The Hamburg art historian Rosa Schapire was one of the earliest patrons of the Brücke school of painters. She made it her lifes work to struggle tirelessly to promote the recognition of avant-garde artists, in particular the Expressionists, in Germany. She was a close friend of Karl Schmidt-Rottluff and Erich Heckel, but others such as Franz Radziwill and members of the Hamburg Secession like Karl Kluth and Willem Grimm also benefited from her enormous commitment to their cause. They showed their gratefulness in the form of numerous portraits or artistic postcards.
Schapire was instrumental in organizing exhibitions in renowned galleries, lectured the length and breadth of the country and published many, many reviews and articles. On top of this she supported the sale of expressionist works to major art galleries through the foundation of the Frauenbund zur Förderung deutscher bildender Kunst.
This exhibition in the Museum für Kunst und Gewerbe
will show some 130 paintings, drawings, artistic postcards, art magazines, photos, jewellery and personal correspondence to pay homage to Rosa Schapires lifes work. This is the first time that an exhibition has been staged with the aim of reconstructing the character of her progressive collection. Besides works from the Museums own collections and from the Sammlung Hamburger Sparkasse, works on loan from private and public collections will be on view. It is planned to publish an accompanying monogram, which will be prepared by German and British art historians.
Expressionism was a cultural movement originating in Germany at the start of the 20th-century as a reaction to positivism and other artistic movements such as naturalism and impressionism. It sought to express the meaning of "being alive" and emotional experience rather than physical reality. It is the tendency of an artist to distort reality for an emotional effect; it is a subjective art form. Expressionism is exhibited in many art forms, including painting, literature, theatre, film, architecture and music. The term often implies emotional angst. In a general sense, painters such as Matthias Grünewald and El Greco can be called expressionist, though in practice, the term is applied mainly to 20th century works.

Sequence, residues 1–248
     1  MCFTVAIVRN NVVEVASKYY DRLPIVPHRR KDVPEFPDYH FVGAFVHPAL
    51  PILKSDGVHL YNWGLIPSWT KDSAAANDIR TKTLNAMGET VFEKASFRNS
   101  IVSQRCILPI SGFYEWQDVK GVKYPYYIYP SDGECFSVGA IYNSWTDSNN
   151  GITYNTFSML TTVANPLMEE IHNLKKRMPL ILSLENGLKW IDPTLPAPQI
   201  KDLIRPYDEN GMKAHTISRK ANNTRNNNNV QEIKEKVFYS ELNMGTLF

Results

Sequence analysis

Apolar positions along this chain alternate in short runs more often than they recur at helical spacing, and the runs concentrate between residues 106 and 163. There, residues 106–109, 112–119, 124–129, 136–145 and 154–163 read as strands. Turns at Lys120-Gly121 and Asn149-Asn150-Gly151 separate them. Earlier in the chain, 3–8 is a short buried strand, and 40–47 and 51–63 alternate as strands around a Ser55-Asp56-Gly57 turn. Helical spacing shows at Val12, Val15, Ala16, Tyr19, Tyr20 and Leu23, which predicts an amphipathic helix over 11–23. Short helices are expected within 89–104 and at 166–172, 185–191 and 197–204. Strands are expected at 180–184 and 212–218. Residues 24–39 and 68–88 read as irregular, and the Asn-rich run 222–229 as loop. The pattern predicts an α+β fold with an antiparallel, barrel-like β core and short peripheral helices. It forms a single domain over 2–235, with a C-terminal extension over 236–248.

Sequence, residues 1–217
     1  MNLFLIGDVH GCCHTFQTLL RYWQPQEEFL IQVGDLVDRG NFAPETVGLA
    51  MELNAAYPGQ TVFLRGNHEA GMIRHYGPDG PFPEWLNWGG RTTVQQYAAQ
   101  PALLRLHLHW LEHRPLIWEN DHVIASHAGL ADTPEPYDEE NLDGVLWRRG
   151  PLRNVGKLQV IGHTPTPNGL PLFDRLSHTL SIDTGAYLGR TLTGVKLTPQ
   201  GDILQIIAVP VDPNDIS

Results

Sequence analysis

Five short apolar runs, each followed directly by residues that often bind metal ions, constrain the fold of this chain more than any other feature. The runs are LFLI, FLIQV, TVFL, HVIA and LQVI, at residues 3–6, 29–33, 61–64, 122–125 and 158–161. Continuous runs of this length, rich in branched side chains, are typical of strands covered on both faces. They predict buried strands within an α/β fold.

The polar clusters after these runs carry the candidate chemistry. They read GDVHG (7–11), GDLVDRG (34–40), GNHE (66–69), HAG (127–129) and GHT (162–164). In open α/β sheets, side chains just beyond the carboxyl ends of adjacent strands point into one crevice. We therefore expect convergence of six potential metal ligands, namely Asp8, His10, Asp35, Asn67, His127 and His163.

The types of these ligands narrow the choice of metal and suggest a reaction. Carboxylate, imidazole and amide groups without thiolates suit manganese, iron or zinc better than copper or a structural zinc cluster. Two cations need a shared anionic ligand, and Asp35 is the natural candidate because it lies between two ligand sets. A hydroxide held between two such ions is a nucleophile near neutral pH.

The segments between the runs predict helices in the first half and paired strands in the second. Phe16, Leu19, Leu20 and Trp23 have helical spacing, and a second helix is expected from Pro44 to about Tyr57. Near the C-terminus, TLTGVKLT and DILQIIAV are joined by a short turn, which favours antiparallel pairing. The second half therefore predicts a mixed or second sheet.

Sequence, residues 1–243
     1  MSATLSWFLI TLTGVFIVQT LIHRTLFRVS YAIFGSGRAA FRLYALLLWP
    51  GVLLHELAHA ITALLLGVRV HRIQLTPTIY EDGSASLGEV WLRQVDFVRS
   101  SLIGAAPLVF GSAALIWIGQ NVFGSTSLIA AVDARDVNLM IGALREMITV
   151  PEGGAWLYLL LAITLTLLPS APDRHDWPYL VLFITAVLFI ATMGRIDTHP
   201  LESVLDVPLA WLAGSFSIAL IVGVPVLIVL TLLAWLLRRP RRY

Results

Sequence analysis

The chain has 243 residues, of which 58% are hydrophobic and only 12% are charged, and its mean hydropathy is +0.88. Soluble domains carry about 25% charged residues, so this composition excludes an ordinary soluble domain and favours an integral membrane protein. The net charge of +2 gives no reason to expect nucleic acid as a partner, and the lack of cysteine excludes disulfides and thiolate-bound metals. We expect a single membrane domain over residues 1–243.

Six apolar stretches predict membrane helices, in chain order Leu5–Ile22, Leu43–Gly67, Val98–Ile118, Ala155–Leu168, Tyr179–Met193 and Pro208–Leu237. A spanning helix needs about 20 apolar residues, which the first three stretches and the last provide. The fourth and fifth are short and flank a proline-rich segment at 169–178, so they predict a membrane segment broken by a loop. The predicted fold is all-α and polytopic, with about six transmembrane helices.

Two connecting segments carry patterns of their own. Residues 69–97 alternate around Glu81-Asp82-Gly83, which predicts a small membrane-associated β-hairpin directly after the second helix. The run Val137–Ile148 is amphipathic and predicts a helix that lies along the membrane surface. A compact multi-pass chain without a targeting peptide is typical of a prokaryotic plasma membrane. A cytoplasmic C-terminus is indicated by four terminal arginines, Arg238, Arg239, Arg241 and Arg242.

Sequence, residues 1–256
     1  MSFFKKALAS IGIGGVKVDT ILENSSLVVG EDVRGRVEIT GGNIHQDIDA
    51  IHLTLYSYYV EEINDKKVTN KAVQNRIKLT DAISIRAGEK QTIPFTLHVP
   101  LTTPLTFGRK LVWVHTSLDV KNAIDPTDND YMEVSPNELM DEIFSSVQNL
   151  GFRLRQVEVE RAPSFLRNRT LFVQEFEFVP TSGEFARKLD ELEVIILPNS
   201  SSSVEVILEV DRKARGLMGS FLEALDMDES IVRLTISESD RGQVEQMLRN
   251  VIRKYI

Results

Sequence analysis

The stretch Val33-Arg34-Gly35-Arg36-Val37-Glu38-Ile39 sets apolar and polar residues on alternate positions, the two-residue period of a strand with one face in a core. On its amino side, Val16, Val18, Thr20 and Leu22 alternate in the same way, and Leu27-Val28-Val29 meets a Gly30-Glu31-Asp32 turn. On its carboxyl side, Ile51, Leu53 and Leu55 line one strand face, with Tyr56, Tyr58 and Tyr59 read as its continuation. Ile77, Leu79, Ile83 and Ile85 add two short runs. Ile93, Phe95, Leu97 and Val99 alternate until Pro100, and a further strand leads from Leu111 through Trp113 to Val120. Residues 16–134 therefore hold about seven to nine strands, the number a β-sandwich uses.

Although it is used as a term of reference, there has never been a distinct movement that called itself "expressionism", apart from the use of the term by Herwald Walden in his polemic magazine Der Sturm in 1912. The term is usually linked to paintings and graphic work in Germany at the turn of the century which challenged the academic traditions, particularly through the Die Brücke and Der Blaue Reiter groups. Philosopher Friedrich Nietzsche played a key role in originating modern expressionism by clarifying and serving as a conduit for previously neglected currents in ancient art.
More generally the term refers to art that expresses intense emotion. It is arguable that all artists are expressive but there is a long line of art production in which heavy emphasis is placed on communication through emotion. Such art often occurs during time of social upheaval, and through the tradition of graphic art there is a powerful and moving record of chaos in Europe from the 15th century on the Protestant Reformation, Peasants' War, Eight Years' War, Spanish Occupation of the Netherlands, the rape, pillage and disaster associated with countless periods of chaos and oppression are presented in the documents of the printmaker. Often the work is unimpressive aesthetically, but almost without exception has the capacity to move the viewer to strong emotions with the drama and often horror of the scenes depicted.
The term was also coined by Czech art historian Antonín Matějček in 1910 as the opposite of impressionism: "An Expressionist wishes, above all, to express himself....(An Expressionist rejects) immediate perception and builds on more complex psychic structures.... Impressions and mental images that pass through mental peoples soul as through a filter which rids them of all substantial accretions to produce their clear essence [...and] are assimilated and condense into more general forms, into types, which he transcribes through simple short-hand formulae and symbols." (Gordon, 1987)